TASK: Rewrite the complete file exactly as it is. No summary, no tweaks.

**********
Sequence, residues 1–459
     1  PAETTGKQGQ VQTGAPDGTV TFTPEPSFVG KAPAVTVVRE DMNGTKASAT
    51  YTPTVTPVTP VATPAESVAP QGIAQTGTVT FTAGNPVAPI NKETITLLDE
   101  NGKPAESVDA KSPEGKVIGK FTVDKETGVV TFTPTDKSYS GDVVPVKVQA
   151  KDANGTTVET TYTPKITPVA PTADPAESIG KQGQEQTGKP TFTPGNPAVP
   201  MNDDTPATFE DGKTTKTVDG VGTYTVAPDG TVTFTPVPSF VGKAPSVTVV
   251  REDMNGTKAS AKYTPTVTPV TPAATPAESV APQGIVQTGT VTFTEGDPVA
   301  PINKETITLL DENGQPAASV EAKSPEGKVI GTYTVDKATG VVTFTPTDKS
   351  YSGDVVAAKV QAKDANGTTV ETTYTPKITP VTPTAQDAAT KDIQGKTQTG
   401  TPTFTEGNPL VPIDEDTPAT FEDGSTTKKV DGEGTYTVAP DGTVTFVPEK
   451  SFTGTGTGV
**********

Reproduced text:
Sequence, residues 1–459
     1  PAETTGKQGQ VQTGAPDGTV TFTPEPSFVG KAPAVTVVRE DMNGTKASAT
    51  YTPTVTPVTP VATPAESVAP QGIAQTGTVT FTAGNPVAPI NKETITLLDE
   101  NGKPAESVDA KSPEGKVIGK FTVDKETGVV TFTPTDKSYS GDVVPVKVQA
   151  KDANGTTVET TYTPKITPVA PTADPAESIG KQGQEQTGKP TFTPGNPAVP
   201  MNDDTPATFE DGKTTKTVDG VGTYTVAPDG TVTFTPVPSF VGKAPSVTVV
   251  REDMNGTKAS AKYTPTVTPV TPAATPAESV APQGIVQTGT VTFTEGDPVA
   301  PINKETITLL DENGQPAASV EAKSPEGKVI GTYTVDKATG VVTFTPTDKS
   351  YSGDVVAAKV QAKDANGTTV ETTYTPKITP VTPTAQDAAT KDIQGKTQTG
   401  TPTFTEGNPL VPIDEDTPAT FEDGSTTKKV DGEGTYTVAP DGTVTFVPEK
   451  SFTGTGTGV